It’s often said we need to know where we’ve been to know where we’re going.

This adage can certainly be applied to the economy. Old timers like me, who have been around North Carolina for decades, know the state is a different place today than it was 30 or 40 years ago. Textiles, tobacco and furniture are still here, but are a much smaller part of the economy today than they were then. We’ve changed, but to what?

Many would say the “to what” has not been good. There’s an image of low-paying service jobs replacing well-compensated factory jobs. While some of this has certainly occurred, the reality of economic change is more complicated.

A couple of years ago I wrote a book about North Carolina’s economy called North Carolina in the Connected Age. In it, I detailed the transformation of the North Carolina economy. At its peak, the state’s legacy industries — the Big Three of tobacco, textiles and furniture — accounted for almost one-fourth of all of North Carolina’s economic activity. By the start of the 21stcentury, the Big Three’s share was down to less than 8 percent.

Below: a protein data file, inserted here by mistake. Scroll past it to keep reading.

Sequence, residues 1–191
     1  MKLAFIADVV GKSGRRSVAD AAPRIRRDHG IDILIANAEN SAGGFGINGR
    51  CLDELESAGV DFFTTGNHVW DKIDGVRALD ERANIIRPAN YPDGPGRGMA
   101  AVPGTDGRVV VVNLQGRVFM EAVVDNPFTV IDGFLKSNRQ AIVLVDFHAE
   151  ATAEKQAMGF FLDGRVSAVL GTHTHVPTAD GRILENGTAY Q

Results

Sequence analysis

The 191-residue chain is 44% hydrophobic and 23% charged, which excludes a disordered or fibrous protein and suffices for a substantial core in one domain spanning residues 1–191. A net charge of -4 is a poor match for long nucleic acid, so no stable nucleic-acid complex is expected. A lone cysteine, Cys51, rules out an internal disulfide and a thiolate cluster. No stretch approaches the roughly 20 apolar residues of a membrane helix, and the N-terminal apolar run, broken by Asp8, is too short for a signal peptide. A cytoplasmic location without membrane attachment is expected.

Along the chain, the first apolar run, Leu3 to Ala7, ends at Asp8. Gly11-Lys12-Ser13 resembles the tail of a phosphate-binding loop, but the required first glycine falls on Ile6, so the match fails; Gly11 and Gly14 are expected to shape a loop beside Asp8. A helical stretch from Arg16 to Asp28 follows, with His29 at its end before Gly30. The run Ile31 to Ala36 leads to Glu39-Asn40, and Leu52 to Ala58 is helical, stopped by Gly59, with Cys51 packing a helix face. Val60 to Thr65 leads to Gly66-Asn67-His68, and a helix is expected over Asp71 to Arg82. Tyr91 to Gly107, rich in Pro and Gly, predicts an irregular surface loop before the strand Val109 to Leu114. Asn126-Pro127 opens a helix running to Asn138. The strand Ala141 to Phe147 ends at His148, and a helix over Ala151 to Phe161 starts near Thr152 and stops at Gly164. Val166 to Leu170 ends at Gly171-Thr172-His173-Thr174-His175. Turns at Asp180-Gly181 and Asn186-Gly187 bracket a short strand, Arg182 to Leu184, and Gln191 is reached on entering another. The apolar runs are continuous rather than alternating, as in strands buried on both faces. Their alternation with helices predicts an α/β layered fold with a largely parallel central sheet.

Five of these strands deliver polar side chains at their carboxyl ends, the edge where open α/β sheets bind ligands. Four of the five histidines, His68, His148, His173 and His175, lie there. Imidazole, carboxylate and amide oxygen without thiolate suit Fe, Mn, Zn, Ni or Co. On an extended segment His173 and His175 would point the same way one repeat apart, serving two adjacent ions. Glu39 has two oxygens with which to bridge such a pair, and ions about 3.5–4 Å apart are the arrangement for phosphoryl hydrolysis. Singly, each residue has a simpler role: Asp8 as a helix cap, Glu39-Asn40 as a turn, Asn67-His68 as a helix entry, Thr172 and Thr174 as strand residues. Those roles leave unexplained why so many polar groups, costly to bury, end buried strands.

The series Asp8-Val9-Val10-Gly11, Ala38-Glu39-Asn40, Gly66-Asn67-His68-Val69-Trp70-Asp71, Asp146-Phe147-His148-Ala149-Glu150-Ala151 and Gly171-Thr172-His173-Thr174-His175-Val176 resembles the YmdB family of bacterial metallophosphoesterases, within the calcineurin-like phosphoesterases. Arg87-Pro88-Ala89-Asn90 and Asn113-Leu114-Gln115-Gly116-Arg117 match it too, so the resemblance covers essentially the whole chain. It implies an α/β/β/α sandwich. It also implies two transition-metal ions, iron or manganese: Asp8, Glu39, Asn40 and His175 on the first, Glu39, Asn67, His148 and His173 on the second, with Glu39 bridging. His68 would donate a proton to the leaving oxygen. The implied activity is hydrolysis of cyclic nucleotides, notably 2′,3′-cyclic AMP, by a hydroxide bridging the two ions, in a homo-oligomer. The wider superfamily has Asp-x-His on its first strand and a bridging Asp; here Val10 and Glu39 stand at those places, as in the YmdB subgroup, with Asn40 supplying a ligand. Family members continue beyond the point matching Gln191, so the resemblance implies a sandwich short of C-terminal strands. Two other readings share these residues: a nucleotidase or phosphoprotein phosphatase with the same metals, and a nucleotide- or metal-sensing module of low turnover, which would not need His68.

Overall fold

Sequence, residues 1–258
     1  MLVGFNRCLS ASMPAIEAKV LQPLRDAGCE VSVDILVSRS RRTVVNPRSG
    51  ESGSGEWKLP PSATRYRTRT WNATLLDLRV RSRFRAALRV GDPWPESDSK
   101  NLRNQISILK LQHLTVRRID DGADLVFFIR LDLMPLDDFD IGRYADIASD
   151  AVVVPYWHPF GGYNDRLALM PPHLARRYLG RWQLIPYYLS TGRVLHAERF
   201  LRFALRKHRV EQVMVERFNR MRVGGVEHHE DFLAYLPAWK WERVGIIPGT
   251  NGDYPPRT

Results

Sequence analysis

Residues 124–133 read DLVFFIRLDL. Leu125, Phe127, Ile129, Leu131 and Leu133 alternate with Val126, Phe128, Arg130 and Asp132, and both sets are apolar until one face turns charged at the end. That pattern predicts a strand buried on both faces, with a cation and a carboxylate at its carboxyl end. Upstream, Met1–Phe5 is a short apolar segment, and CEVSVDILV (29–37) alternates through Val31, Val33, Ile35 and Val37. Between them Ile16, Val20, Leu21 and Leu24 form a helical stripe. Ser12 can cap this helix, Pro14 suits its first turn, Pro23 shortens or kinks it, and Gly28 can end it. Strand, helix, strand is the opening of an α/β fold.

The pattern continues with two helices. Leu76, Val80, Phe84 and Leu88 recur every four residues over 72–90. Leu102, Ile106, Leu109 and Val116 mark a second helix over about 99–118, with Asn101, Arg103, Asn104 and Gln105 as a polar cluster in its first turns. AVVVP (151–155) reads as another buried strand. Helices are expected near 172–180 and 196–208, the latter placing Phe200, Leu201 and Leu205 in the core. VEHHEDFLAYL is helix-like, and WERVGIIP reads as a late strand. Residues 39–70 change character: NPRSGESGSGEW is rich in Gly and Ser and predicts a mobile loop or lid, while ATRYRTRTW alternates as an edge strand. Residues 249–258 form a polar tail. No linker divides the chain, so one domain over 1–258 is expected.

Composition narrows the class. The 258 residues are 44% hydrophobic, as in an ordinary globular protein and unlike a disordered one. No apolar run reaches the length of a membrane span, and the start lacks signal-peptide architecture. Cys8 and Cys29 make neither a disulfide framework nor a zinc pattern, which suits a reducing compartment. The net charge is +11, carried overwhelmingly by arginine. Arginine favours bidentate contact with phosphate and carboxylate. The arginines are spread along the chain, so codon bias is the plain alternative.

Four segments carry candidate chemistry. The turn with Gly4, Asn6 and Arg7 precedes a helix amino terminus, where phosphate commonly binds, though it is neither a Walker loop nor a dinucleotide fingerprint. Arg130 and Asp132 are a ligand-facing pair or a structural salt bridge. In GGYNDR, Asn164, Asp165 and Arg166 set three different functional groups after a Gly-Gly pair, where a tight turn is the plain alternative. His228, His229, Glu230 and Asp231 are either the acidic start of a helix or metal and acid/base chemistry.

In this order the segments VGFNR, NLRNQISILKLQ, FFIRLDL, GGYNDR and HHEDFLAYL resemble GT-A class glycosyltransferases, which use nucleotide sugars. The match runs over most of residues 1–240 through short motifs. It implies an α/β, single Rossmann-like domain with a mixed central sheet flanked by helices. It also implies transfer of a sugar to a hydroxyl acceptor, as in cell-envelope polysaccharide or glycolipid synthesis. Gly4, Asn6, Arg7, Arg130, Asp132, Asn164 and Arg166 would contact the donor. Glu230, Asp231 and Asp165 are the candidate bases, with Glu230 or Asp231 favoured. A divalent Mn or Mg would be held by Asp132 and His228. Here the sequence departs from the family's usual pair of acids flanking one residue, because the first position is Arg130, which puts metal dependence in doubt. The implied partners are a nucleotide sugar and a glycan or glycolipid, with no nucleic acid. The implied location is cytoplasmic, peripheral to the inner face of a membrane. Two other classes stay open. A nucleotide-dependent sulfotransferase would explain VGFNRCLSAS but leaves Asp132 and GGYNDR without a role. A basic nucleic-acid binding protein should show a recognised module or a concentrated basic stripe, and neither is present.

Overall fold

Fortunately for our state, we both imported and home-grew new industries. We imported motor vehicle parts manufacturing from the Midwest. We first imported and then expanded the technology and pharmaceutical sectors. Food processing expanded along with the shift in agriculture from crops to livestock. And banking — headquartered in Charlotte — grew to be the state’s largest single industry through mergers and acquisitions throughout the country.